The Gazette covers City Hall, now a flood-damaged icon on May's Island in the Cedar River

Condos to be called Bottleworks: A new life for an empty Osada

In City Hall on March 25, 2008 at 10:16 pm

City Hall and PBI Properties, an affiliate of Point Builders Inc. of Cedar Rapids, have reached a tentative agreement on a development plan to convert the failed, 67-unit, low-income Osada loft-apartment complex into 58 condominium units.

The details of a development plan, which the City Council signaled its support for in November and which the city and company have been working on since, will be voted on by the council at its meeting Wednesday evening.

The matter was a late addition to the council agenda.

Fred Timko, president of Point Builders, on Tuesday afternoon said he expected to begin construction almost immediately on condominium units, which he said will be priced for the buyer at between $100,000 and $200,000.

Timko said he will build four model condos, sell those and continue. Some buyers will be able to have some say on what they want to see in their condominium, he said.

He hoped to have the first residents living in the building, at 905 Third St. SE, by summer, he said.

Timko said he didn’t foresee problems with the City Council approving the development agreement. The agreement provides up to $700,000 in buyer assistance, $100,000 for a park and money for streetscaping. All of that money will come from new property-tax revenue that will result from the improvements made to the building.

Timko estimated it would take six to seven years before revenue generated by the improved property would cover the incentives and then be ready to enter on the general property-tax rolls.

Timko said the new project will be called Bottleworks. In its day, it used to be a Hires Root Beer bottling works, he said.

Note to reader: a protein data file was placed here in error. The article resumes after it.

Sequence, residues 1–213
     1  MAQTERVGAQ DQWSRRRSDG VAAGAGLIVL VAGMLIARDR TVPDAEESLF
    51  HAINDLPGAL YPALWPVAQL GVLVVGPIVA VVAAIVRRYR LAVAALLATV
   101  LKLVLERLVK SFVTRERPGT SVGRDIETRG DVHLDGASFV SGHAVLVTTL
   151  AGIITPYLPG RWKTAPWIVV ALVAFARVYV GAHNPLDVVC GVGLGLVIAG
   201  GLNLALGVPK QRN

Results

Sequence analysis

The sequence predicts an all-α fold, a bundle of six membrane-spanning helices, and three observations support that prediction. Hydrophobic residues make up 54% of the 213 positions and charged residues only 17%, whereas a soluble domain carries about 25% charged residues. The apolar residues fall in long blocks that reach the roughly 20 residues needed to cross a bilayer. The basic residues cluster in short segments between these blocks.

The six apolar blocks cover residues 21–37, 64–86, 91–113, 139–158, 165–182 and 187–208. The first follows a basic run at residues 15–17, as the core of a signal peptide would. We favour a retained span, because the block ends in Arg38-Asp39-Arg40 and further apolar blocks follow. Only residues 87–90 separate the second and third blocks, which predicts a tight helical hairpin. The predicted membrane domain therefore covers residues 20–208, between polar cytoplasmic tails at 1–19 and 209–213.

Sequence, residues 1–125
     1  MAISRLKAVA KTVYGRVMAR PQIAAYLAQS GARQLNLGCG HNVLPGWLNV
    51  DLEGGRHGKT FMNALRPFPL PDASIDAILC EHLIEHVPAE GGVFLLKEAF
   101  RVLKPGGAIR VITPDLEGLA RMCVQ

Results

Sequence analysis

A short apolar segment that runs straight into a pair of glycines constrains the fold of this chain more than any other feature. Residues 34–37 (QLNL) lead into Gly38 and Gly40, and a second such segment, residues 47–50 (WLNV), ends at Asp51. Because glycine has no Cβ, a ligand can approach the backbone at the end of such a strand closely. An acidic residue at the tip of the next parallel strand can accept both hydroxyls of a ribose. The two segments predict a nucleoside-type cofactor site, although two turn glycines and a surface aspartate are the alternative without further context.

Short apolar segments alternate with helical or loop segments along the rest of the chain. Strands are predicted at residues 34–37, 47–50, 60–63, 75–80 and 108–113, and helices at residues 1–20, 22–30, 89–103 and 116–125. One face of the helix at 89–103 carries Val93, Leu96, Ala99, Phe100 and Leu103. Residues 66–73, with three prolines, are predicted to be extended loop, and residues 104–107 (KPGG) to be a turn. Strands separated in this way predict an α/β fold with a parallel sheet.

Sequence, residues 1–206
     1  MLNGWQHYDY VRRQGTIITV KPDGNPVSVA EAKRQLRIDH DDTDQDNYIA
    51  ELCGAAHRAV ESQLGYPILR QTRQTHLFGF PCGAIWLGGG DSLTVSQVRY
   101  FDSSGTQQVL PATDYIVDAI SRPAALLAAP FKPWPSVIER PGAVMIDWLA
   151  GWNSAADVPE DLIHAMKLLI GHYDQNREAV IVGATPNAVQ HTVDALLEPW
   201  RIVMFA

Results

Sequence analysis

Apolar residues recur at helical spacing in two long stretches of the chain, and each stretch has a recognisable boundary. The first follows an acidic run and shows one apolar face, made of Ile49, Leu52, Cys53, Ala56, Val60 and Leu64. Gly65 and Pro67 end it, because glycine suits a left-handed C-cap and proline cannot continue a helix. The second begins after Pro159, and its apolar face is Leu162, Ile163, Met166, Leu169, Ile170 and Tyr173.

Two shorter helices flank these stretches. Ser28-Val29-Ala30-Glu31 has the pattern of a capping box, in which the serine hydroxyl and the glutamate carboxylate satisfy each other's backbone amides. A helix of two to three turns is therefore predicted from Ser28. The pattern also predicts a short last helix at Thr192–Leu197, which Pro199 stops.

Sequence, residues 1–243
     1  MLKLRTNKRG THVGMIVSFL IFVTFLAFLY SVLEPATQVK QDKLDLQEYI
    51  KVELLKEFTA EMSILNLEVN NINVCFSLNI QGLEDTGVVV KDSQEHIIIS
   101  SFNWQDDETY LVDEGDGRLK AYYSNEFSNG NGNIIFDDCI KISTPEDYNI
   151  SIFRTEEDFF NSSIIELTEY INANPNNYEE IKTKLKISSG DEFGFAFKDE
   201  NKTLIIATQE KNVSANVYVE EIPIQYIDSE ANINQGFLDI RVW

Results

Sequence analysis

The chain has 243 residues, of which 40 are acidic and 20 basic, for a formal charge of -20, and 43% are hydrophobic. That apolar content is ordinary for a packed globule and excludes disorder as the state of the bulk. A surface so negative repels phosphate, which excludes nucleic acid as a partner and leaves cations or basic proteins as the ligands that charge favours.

The building sits next door to the WaterTower Place condominiums, and it is viewed by downtown advocates as an addition of a key downtown asset – more downtown housing.

Adding to the downtown housing stock is among several initiatives embraced by a coalition of community leaders and organizations intent on revitalizing downtown.

“I think this fits right in with their vision of what they want to do downtown,” Timko says.

The former low-income Osada apartments have been all-but empty since last summer after its owner and operator, the non-profit MidAmerica Housing Partnership, failed more than a year ago.

The non-profit Four Oaks stepped in to oversee the MidAmerica properties and has since taken many of them over under an entity called the Affordable Housing Network. The agency and others, though, concluded that the Osada property could not work financially as a low-income property.

PBI Properties is paying about $3 million for the building and plans at least $3.5 million in renovations. The company also is contributing $100,000 to NewBo Park, which the condominium association in the building will own but the entire neighborhood will have access to, Timko said.

The $700,000 buyer-incentive program will allow those who buy units to use a percentage of the cost of a unit for down payment assistance, closing costs or  other purchase costs.

  1. Lets see, isn’t Fred Timko on the “Long Term Planning Commission” for the city of Cedar Rapids? And isn’t that the driving force behind the “vision” for Cedar Rapids? And if that is so, isn’t all this a conflict of interest? So much for this being a project that relies heavily on citizen input while the very same people who are directly involved are featheriing their own nests.